Reference: Alabama Department of Archives & History. Custodian of the original pictures. Confederate Officers photo album. http://www.archives.alabama.gov/conoffalb/index.html
James Johnston Pettigrew was born at "Bonarva," the family home in Tyrrell County, North Carolina, on July 4, 1828. He entered the University of North Carolina at the age of fifteen. His scholastic career was so brilliant, that upon his graduation in 1847, President Polk tendered him an appointment as assistant professor at the Naval Observatory in Washington. After two years there he commenced the study of law. He traveled abroad, and later practiced in Charleston. He was elected to the South Carolina legislature in 1856. As a colonel of militia in 1861, he saw service in Charleston harbor during the fateful days of April, and subsequently enlisted in the Hampton Legion. Soon elected colonel of the 12th South Carolina, Pettigrew went to Virginia and after some protest on his own part, accepted a commission as brigadier general to rank from February 26, 1862. He served under Joseph E. Johnston in the Peninsular campaign, and was severely wounded and captured at Seven Pines. Upon his exchange two months later, he served for a time in command of the defenses of Petersburg and in North Carolina. His brigade was in Heth's division of A. P. Hill's corps during the Gettysburg campaign. After the wounding of his immediate superior, he commanded the division, and was conspicuous in the attack of the third day against the Federal center. General Pettigrew was in command of a portion of the rear guard during the retreat to the Potomac; he was fatally wounded shortly before noon on July 14, 1863 at Falling Waters, Maryland, by a sudden dash of Federal cavalry. He died three days later near Bunker Hill, Virginia, and was buried at "Bonarva."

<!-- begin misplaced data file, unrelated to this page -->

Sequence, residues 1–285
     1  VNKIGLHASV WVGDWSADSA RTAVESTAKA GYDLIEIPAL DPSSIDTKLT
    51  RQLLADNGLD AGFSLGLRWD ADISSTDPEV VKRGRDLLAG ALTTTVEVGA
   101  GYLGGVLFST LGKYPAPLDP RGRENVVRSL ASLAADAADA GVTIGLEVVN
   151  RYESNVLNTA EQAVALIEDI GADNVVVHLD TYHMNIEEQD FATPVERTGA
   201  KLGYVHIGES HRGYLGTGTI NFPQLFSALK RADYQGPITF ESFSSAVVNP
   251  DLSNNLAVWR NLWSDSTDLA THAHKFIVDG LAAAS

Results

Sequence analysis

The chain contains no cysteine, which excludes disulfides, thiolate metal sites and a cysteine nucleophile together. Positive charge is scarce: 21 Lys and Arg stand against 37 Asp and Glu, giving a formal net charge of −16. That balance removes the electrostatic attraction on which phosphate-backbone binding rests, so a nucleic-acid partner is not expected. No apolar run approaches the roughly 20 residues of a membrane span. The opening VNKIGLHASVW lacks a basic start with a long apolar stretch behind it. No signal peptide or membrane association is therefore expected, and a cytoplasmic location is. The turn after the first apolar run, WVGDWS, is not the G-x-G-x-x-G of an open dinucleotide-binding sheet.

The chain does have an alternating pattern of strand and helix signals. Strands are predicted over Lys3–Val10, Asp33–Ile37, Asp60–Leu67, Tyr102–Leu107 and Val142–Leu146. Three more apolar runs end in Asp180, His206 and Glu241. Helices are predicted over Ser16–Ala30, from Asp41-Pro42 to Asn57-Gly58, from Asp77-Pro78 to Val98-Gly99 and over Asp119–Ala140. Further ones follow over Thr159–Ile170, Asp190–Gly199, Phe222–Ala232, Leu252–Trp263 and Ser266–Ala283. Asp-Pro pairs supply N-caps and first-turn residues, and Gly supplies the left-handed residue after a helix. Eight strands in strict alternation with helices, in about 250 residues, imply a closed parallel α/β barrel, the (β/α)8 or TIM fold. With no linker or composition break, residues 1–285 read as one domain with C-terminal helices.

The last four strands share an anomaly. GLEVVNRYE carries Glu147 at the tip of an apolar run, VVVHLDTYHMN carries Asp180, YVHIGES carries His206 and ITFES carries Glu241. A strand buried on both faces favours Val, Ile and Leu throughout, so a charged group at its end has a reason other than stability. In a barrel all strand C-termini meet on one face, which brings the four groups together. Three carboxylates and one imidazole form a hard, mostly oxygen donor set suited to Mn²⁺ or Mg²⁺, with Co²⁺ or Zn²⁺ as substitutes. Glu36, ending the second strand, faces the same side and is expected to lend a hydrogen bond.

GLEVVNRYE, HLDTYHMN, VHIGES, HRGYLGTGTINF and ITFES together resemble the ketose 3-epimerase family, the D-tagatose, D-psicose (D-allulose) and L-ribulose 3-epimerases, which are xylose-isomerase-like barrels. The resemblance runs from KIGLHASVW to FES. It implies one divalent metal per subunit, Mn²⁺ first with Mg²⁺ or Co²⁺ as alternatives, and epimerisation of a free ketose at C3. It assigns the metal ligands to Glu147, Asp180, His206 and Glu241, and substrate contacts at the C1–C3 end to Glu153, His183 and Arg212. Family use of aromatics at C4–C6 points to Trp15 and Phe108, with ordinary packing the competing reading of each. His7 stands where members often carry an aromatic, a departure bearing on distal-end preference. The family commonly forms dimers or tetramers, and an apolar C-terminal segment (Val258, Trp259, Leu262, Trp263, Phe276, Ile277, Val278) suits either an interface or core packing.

Ref: Generals in Gray, Lives of the Confederate Commanders by Ezra J. Warner. Printed by Louisiana State University Press, Baton Rouge and London.